Anybody who has binge-watched Big Little Lies – or played a formative late-night game of "truth or dare" at a sleepover party – knows there is a psychological burden in keeping a secret, but it can also, conversely, foster a deep, life-long, "blood sisters" kind of intimacy.
Indeed, there’s something special about being a confidant. This can be the case whether you’re in year 5 and in possession of the knowledge that Sally has an unbearable, life-consuming crush on James, or if you're many years older and your best friend is having an affair with one of the school dads.
Secrets can bring us closer, but can become a burden when they play on our minds.Credit:Shutterstock
Psychologist Jocelyn Brewer says sharing secrets can bond you together, depending on their framing.
"Talking about secrets in the past or things we’ve done in our youth and disclosing them retrospectively can be different to something that has happened more recently as there is likely to be more current emotional valence (weight, energy) attached to it," she says.
"So maybe sharing stuff you got up to in high school that you have not previously spoken about can help bond people in the way that self-disclosure is designed to increase your likeability and connection."
Recent research suggests we are all, on average, keeping around 17 secrets at any one time, and while keeping some secrets can be a burden, work by Dr Katie Greenaway from the Melbourne School of Psychological Sciences and Dr Michael Slepian from Columbia Business School suggests the real toll is more to do with how often you think about the secret you've been told. And so it goes that, the closer you are to the confider, the more you might think about the secret. Something which can ultimately have an impact on your sense of wellbeing.
“The more a secret overlaps with one’s own social network, the more one conceals the secret on the other’s behalf, predicting increased feelings of burden,” the authors say in their study.
As part of the research, Dr Greenaway and Dr Slepian investigated the secrets of more than 600 participants, covering stories of abortion, work, theft, infidelity, sexual preferences, marriage proposals, lies, hobbies, hidden relationships, finances and more. The researchers looked at how often the keeper of the secret thought about what they’d been told and the feelings of intimacy and resentment that secret engendered. They also looked at the way the secret holder interacted within their social network.
Now the duo are set to further the research by studying the impact of secret keeping in daily life with research which will involve text messaging participants at random points throughout the day to ask them if they’re thinking about a secret they are keeping.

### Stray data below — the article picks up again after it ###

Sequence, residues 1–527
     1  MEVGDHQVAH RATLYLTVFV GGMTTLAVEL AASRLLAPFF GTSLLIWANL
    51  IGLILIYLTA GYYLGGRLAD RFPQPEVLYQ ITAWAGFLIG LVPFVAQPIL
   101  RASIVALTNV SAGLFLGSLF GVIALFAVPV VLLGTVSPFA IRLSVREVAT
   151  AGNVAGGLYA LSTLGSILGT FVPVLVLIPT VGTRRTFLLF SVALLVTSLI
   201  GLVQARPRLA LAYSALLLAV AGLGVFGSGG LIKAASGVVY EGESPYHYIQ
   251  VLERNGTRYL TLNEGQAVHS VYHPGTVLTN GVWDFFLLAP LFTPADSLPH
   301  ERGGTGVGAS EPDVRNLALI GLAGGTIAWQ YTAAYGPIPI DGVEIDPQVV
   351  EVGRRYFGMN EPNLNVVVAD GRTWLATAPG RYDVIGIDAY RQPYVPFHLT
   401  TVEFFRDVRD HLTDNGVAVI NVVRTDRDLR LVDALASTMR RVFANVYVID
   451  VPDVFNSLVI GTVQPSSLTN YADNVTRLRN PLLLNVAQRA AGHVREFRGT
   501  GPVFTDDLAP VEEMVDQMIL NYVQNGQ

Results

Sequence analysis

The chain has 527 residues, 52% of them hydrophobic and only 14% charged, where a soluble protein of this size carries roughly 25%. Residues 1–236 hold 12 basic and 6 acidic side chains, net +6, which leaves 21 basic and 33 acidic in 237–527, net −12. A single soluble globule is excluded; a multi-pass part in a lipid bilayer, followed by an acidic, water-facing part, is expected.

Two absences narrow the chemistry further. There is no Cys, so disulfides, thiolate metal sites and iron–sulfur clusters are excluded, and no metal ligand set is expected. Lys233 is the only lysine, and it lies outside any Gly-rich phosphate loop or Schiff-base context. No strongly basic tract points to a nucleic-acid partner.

For Dr Greenaway, whose prior research has included emotional regression, secrets make for a fascinating insight into how we connect, and disconnect, with others."
"[If] you have a secret confided you tend to take that on as your own secret, you get the same level of burden or cost to your wellbeing as does the person whose secret it is. The positive is that you feel greater trust and a bonding and that can improve your relationship. So the cost can be offset by social benefits," she says.
Greenaway and Slepian's research also found that there tend to be three kinds of secrets: those involving others, say infidelity or theft, those involving the self, personal preferences, health and positive secrets, marriage proposals and pregnancy. So not all secrets are equal, or equally as burdonsome.
Greenaway hopes the new research will give an even better understanding of secret keeping, the emotions it brings up and most importantly, how to better manage them.
Brewer agrees with the idea that keeping someone’s secret can impact your relationships, and that there is a very wide variance in the seriousness of secrets (i.e. confessing to watching ahead of your partner on Game of Thrones isn’t quite in the same genre as, say, confessing to someone that you've covered up a crime scene).
“There is emotional labour involved – needing to purposely forget or shelve information and not allow it to cloud or change our judgement or interactions with the person,” she says.
Ultimately, Brewer believes being asked to take on a secret is something we shouldn't go into lightly, and knowing your own boundaries for the relationship and yourself is key.
Of course this is no easy feat given we don't generally get a heads-up when someone is about to saddle us with their deepest, darkest deed.
When it comes to deciding who to share a secret with ourselves, Brewer believes that sometimes it is best left with the professionals.
"People need to ‘tune in’ to their own values on this and consider the potential emotional labour and burden of concealment – the trick is you won’t know how you feel about it and what’s involved in keeping the secret til you’ve heard it. If you need to talk to someone about a secret and need it kept confidential, talk to a psychologist – we are bound by client confidentiality and unless you are in serious danger or disclose certain illegal activities your secrets are safe."
Source: Read Full Article